The Braemar Gathering returned in the usual flurry of pipes and pageantry this Saturday – for the 200th year.
This year’s gathering took a special bi-centenary theme as more than 10,000 spectators from across the globe arrived in the small Deeside community, made up of fewer than 1,000 residents, for the annual highlight in the highland games calendar.
A total of 12 pipe bands took to the field during the day of celebration with traditional tunes ranging from Cock O the North to A Scottish Soldier.
And it was also a memorable year for the patron of the games, Her Majesty the Queen, who is just days away from becoming the UK’s longest reigning monarch on Wednesday.
Rumours had circulated that the Earl and Countess of Strathearn, Prince William and Princess Katherine, would attend the gathering but they proved unfounded.
However, the Queen, Prince Philip, Prince Charles and Mark Philips, along with various other members of the royal household, did make the-15 mile journey from Balmoral for the annual spectacle.
The games take place on the first Saturday of every September in the village’s Princess Royal and Duke of Fife Memorial park, and attract visitors from around the world.
Queen Victoria first attended in 1848 and since then it has been a regular holiday highlight for the reigning monarch and other members of the Royal Family.
The year, the clouds at the park parted just in time for the Royal party’s arrival, making way for bright sunshine.
Her Majesty, radiant in a cherry red dress, received a bouquet of flowers from 11-year-old Amy Hall before a rousing rendition of God Save The Queen was sang without musical accompaniment by Robert Lovie.
The party were met by Lord Lieutenant of Aberdeenshire James Ingleby and the president of the Braemar Royal Highland Society David Geddes.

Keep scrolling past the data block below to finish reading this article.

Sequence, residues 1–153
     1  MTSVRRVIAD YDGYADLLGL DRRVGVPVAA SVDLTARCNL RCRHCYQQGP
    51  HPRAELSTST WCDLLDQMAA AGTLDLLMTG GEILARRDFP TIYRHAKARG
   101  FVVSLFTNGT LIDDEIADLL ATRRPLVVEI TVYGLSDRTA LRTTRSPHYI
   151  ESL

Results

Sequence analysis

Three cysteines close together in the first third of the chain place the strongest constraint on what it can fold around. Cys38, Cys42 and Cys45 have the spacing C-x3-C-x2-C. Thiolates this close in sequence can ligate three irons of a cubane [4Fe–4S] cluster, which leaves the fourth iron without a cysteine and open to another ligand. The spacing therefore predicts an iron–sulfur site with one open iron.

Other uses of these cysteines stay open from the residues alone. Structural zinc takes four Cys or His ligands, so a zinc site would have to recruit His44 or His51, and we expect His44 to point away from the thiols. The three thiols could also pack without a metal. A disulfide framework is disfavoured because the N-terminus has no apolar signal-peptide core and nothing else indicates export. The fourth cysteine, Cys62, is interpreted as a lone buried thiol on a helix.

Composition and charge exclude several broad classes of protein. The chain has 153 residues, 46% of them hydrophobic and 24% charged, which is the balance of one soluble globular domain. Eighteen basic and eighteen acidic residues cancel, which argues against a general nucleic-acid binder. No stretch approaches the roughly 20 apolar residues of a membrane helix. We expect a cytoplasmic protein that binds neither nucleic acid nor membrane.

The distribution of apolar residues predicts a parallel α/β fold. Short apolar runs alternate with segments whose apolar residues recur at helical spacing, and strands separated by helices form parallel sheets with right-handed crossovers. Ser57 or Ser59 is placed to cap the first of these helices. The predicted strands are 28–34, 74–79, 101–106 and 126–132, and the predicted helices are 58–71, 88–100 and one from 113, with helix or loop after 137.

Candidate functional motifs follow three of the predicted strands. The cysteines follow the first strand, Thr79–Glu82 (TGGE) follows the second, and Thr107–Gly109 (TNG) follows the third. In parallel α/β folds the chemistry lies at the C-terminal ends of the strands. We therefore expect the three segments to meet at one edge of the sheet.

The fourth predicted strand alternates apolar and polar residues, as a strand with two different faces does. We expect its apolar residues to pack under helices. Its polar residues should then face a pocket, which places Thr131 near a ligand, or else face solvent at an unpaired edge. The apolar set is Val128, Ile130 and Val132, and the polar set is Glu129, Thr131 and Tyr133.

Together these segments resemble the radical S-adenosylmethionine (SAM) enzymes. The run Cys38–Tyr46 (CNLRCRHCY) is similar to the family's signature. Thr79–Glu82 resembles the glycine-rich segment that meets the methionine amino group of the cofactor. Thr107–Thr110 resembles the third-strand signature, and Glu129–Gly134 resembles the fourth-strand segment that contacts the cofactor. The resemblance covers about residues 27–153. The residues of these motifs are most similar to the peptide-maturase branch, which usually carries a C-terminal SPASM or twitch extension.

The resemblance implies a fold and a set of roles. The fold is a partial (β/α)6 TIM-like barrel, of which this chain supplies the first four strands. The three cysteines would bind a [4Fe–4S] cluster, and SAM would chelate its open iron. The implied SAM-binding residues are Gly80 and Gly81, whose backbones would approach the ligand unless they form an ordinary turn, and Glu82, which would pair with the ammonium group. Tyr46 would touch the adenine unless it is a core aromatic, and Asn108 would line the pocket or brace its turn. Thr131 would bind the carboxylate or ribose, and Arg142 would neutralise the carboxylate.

Addressing the Royal party, Robbie Shepherd, who has been commenting at Braemar since 1981, recognised the solemnity of the bi-centenary.
He said: “Once again on behalf of the Braemar Royal Highland Society, it is our privilege to welcome you to the gathering.
“It is also for your Majesty a very special year as we offer our congratulations on the forthcoming landmark in becoming our longest reigning monarch, a service of outstanding devotion to duty and ably supported by His Royal Highness the Duke of Edinburgh.
“May you all find peace and contentment during your stay with us as neighbours midst the splendour of the heather-covered hills and glorious glens of Deeside.”
The speech was met with rapturous applause before the Athol Highlanders and Lonach Highlanders took to the field to the rousing strains of Scotland The Brave.
The Lonach men and women, armed with 5ft pikes and Lochaber axes, had set off on Friday from the ancient Ringing Stone in Glengairn to mark the 200th anniversary – the first time the march had taken place in 25 years.
The day’s programme was packed with events, including the hill race up Morrone, involving a 3,000ft ascent of the heather-coated Corbett which looms behind the village.
Highland dance competitions, track and field races, and an epic tug of war battle between soldiers, airmen and sailors also proved popular with the crowd.
Vice patron of the games, Captain Alwyne Farquharson of Invercauld M.C, said: “It’s a very special day. It’s amazing to think historically that it’s been 200 years since the founding of the society as it now is.
“With the Athol men and Lonach men marching over, it really is a great day. It’s an occasion I don’t think we will forget.”
Braemar Royal Highland Society secretary Willie Meston said: “It’s a great occasion and great celebration.
“The Royal association has been fantastic, its almost 170 years, since it started and it’s still going on.
“I think people come back for the tradition, people like to see things as they were and that’s the attraction.”